Invasive Species Compendium

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Abstract

Transmission efficiency of Papaya ringspot virus by three aphid species.

Abstract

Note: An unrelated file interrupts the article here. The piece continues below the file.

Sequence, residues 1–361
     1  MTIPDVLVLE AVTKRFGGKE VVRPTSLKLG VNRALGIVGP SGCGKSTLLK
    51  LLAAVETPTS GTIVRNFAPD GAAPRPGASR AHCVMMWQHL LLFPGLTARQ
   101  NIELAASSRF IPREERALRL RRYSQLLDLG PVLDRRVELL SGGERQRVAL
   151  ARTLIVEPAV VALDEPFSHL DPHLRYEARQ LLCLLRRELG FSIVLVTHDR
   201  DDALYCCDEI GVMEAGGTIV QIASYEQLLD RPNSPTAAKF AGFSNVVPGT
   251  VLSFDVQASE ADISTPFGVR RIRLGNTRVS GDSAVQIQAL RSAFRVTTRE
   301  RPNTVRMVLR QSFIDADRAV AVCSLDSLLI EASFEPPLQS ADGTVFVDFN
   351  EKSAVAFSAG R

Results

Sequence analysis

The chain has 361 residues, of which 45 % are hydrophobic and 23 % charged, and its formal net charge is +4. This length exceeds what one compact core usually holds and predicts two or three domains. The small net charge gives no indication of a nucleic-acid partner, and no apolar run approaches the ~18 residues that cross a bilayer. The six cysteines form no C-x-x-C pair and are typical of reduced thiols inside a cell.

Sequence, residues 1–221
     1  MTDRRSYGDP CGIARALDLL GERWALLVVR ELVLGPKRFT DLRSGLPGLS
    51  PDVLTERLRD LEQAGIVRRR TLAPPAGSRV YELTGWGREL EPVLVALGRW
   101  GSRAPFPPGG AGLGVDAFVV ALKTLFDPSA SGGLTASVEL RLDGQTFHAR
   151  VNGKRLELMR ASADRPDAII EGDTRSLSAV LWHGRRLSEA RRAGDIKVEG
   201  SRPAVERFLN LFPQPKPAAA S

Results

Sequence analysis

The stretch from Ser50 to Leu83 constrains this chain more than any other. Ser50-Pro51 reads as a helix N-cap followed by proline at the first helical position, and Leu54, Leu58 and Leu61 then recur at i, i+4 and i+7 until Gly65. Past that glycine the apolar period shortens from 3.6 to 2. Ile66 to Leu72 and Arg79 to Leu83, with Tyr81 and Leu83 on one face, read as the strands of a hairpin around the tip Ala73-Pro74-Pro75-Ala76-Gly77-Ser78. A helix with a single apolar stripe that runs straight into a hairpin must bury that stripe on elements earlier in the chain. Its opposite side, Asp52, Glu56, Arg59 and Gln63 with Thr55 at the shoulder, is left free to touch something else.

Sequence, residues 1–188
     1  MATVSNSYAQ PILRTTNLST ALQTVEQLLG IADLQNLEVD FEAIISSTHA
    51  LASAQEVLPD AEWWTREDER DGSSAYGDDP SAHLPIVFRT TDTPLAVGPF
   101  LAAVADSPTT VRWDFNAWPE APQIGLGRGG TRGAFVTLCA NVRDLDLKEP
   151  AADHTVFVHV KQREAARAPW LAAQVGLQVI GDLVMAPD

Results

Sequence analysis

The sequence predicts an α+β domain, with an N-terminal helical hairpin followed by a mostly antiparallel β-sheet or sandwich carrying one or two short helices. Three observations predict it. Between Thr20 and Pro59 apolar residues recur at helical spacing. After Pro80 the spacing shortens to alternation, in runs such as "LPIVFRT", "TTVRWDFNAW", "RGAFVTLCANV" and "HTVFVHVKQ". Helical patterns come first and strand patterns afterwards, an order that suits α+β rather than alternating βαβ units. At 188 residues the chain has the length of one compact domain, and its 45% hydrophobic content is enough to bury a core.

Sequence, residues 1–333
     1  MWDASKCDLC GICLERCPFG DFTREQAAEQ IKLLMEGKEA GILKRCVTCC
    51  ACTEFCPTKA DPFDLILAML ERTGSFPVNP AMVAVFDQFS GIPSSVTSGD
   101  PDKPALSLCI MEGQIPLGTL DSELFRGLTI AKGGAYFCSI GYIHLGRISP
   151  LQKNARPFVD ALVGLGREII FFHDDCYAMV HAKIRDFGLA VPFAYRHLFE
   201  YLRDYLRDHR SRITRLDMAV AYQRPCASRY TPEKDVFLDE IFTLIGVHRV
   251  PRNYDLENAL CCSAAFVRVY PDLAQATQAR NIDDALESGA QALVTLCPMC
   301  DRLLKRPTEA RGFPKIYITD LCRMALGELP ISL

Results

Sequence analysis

The transmission efficiency of Papaya ringspot virus (PRSV) by three aphid vectors (i.e., Aphis gossypii, A. craccivora, and Myzus persicae) was studied. Efficiency was measured by single-aphid inoculation, group inoculation (using five aphids), duration of virus retention, and the number of plants following a single acquisition access period (AAP) to which the aphids could successfully transmit the virus. Single-aphid inoculation studies indicated that M. persicae (56%) and A. gossypii (53%) were significantly more efficient in transmitting PRSV than A. craccivora (38%). Further, in the former two species, the time required for initiation of the first probe on the inoculation test plant was significantly shorter compared to A. craccivora. PRSV transmission efficiency was 100% in all three species when a group of five aphids were used per plant. There was a perceptible decline in transmission efficiency as the sequestration period increased, although M. persicae successfully transmitted PRSV after 30 min of sequestration. A simple leaf-disk assay technique was employed for evaluating the transmission efficiency of three species of aphids. The results of leaf-disk assays also indicated that A. gossypii (48%) and M. persicae (56%) were more efficient PRSV vectors than A. craccivora. Using leaf-disk assays, the ability of individual aphids to inoculate PRSV serially to a number of plants was studied. Following a single AAP on an infected leaf, M. persicae was more efficient than the other two species with 52.5% transmission after the first inoculation access period (IAP). However, its inoculation efficiency significantly decreased with the second and subsequent IAPs. A. gossypii was able to transmit PRSV sequentially up to four successive leaf disks, but with significantly declining efficiency. Since A. gossypii is reported to be the numerically dominant vector in south India in addition to being a more efficient vector capable of inoculating PRSV to multiple plants, it should be the target vector for control strategies.